Proposals to redevelop Dún Laoghaire baths as part of a €129 million scheme to provide new beach and aquatic facilities at Sandycove were given a guarded welcome by local councillors and the campaign group Save Our Seafront.
Save Our Seafront, which in recent years opposed public- private partnership plans to redevelop the baths, said it did not see why the redevelopment scheme for the baths had been linked to a separate plan to establish a Sandycove to Sutton promenade around Dublin Bay, which it said appeared to have inflated the overall costs.
Save Our Seafront spokesman Richard Boyd Barrett said however that the scheme represented a "180 degree turnabout" on previous plans to redevelop the baths with the inclusion of a multi-storey apartment block.
Consultants Royal Haskoning and Murray & Associates yesterday presented councillors with the main findings and recommendations in their feasibility study on the "East Pier to Sandycove coastal amenity project".
Two different concept schemes were drawn up for the purpose of discussion, with agreement that both concepts would be put on public display.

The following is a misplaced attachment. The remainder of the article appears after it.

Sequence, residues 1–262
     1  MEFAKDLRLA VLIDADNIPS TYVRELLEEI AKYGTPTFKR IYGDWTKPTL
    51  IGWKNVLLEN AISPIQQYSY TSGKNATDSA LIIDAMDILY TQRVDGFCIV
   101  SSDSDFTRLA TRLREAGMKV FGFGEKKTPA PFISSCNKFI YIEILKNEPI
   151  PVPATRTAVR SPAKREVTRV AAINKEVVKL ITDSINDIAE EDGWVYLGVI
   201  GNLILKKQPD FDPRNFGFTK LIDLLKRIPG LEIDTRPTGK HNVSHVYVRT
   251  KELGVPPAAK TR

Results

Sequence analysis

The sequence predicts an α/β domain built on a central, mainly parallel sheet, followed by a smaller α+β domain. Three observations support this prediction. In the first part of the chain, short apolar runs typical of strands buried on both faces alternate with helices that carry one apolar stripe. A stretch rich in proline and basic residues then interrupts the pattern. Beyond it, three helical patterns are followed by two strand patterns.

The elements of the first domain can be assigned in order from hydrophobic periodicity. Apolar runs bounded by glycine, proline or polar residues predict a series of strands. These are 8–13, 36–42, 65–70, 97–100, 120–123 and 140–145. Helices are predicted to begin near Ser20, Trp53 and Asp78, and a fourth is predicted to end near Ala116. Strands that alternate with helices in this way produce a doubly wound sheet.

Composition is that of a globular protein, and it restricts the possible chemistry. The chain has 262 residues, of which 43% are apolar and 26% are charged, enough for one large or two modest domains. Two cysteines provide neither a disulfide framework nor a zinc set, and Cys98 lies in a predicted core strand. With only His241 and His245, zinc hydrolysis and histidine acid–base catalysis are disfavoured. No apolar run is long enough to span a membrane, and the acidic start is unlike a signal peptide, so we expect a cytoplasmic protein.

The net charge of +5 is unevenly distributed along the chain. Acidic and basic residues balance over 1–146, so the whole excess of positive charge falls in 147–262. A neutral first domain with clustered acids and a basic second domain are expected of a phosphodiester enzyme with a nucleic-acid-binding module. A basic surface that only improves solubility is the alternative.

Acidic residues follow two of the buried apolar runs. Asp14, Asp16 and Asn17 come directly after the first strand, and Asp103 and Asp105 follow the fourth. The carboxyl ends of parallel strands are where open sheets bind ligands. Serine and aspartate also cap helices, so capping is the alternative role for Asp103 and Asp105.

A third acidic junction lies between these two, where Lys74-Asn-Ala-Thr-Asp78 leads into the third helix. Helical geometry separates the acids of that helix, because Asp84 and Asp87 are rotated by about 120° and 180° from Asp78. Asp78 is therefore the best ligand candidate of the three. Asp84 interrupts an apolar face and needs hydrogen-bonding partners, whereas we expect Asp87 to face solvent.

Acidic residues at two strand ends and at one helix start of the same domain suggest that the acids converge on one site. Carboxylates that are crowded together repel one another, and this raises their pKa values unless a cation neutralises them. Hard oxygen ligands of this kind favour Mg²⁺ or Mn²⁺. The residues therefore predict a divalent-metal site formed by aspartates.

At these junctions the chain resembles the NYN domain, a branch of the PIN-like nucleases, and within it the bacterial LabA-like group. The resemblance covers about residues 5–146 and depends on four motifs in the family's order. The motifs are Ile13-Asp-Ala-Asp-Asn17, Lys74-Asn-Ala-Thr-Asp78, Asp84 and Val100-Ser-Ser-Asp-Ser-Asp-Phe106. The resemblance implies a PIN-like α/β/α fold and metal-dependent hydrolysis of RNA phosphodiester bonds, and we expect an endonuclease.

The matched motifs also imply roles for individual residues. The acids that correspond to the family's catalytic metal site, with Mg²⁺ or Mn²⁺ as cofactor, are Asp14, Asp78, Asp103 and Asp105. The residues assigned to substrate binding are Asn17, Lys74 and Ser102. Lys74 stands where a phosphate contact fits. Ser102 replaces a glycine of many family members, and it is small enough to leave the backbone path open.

Concept A is known as the "Dún Laoghaire lagoon" and involves a lagoon beach constructed adjacent to the East Pier, with an "aquatic play area" on the old baths site, among other facilities. Concept B would involve the creation of a new artificial beach at Newtownsmith beach and the construction of offshore and shore-connected breakwaters approximately 250m offshore. Both concepts incorporate parts of the Sutton to Sandycove promenade.
Mr Boyd Barrett told The Irish Times that while Save Our Seafront welcomed the public facilities, the group had a number of significant questions about the development and was disappointed not to have been given copies of the plans. He claimed that plans had been deliberately kept from the group to "stage manage the launch".
However, Cllr Jane Dillon Byrne, who chaired the council's baths subcommittee which briefed the consultants, said the proposals were only conceptual and public comment was actively being sought. Ms Dillon Byrne said she had also opposed the previous public-private partnership proposals for the baths as the council had wished to keep the coastal side of the coast road free from development.
The problem with Dún Laoghaire baths had been that they were "in the shade for most of the day, unlike Blackrock baths. But at least the concept put forward now seems to have the swimming areas where they would get direct sunshine". Referring to the baths' dilapidated condition, she said it was clear that something needed to be done.
But she insisted that public access rather than commercial gain would have to be the over-riding criteria and she called for people to make positive suggestions for public use of the site. "Unfortunately, we have people who are usually against everything while being in favour of nothing," she added.
The Irish Times